The iPhone 5c is a new, colourful, slightly cheaper plastic iPhone. To find out more see our iPhone 5c hands-on review.
Here, we round-up the reactions and initial impressions of Apple's new addition to the iPhone family so you can discover what the world's media and potential customers think about the new iPhone 5c.
iPhone 5c reactions: Design
Macworld reporters were among those who got to get their hands on an iPhone 5c after Apple's iPhone event on 10 September, and described the device as looking "a bit like the iPhone 5 had a baby with the plastic-backed iPhone 3GS."
The build of the iPhone 5c reminded Macworld of the old white polycarbonate MacBook, with a unibody-style design. It feels good to hold, and it feels solid, not cheap.
The Verge says: "It's an iPhone 5, only a lot thicker and a lot more plastic. And a lot more colourful."
The Verge also describes the iPhone 5c as "almost like a toy," but says "if you're going to make a plastic phone, this is how to do it."
Engadget agrees, writing: "Not only does it feel great, it's the most solid polycarbonate build that we've ever laid hands on."
The Verge thinks the rubbery cases look nice, but points out the weird "non" part of the text that's shown through the circular cut-outs. He believes the colours look "fantastic," though.
Here at Macworld UK, our initial reaction to the iPhone 5c covers was one of horror, and our opinion hasn't changed much since then. Why, oh why, can we see part of the word iPhone through one of the circles! See iPhone 5c cases review
CNet notes that the iPhone 5c feels "remarkably solid and dense, more like a candy-lacquered metal phone than a plastic phone."
Many of the hands-on reviews we've seen have highlighted that the iPhone 5c picks up a lot of fingerprints, but Engadget seemed to disagree with this one.
Jim Dalrymple from The Loop describes the iPhone 5c as "a gorgeous looking phone, no matter what colour you choose."
The Telegraph writes: "It’s obvious that the 5C is a beautifully built product - it looks at first like a 3GS with a case around it, but in the hand it feels far more solid than that."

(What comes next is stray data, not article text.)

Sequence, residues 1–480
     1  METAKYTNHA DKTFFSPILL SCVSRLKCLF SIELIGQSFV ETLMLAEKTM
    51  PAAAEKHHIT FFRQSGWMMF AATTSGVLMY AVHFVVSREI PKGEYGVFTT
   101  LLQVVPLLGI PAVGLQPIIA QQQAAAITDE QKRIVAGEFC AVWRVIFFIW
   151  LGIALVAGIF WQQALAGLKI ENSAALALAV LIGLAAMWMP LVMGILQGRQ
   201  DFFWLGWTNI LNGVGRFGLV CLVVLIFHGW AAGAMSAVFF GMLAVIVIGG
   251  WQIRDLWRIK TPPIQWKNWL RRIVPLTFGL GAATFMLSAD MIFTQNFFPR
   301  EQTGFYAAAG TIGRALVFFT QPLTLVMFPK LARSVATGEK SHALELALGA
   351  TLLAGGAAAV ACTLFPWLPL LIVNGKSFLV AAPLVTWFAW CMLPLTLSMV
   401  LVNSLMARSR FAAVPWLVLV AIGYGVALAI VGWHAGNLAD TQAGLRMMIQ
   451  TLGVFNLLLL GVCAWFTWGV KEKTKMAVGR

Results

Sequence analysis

iPhone 5c reactions: Price
One of the biggest iPhone 5c talking points is its price. It was previously expected that the iPhone 5c would be Apple's 'budget' option, but a starting price of £469 certainly isn't affordable in our eyes.
The 16GB iPhone 5C costs £469, where the 16GB iPhone 5 was £529. The 16GB iPhone 5S is just £80 more at £549, a £20 increase on the iPhone 5 starting price.
It looks like the iPhone 5C is the choice for those who want a bit more colour in their life. It is not Apple's cheaper iPhone, the 8GB iPhone 4S (currently £349) is the option for those who want an entry level smartphone from Apple.
CNet's Andrew Hoyle writes: "With its plastic back, the iPhone 5c was apparently going to be the most affordable iPhone yet. I personally wouldn't call £469 'affordable' but I suppose that depends on your outlook."
"With a starting price of £469 contract-free, the iPhone 5C is certainly not cheap, although bought with a mobile phone contract the price tag should be significantly lower," says The Guardian's Samuel Gibbs. "The iPhone 5S offers a lot more in terms of specifications and functionality, and being only £80 more, would be a better buy."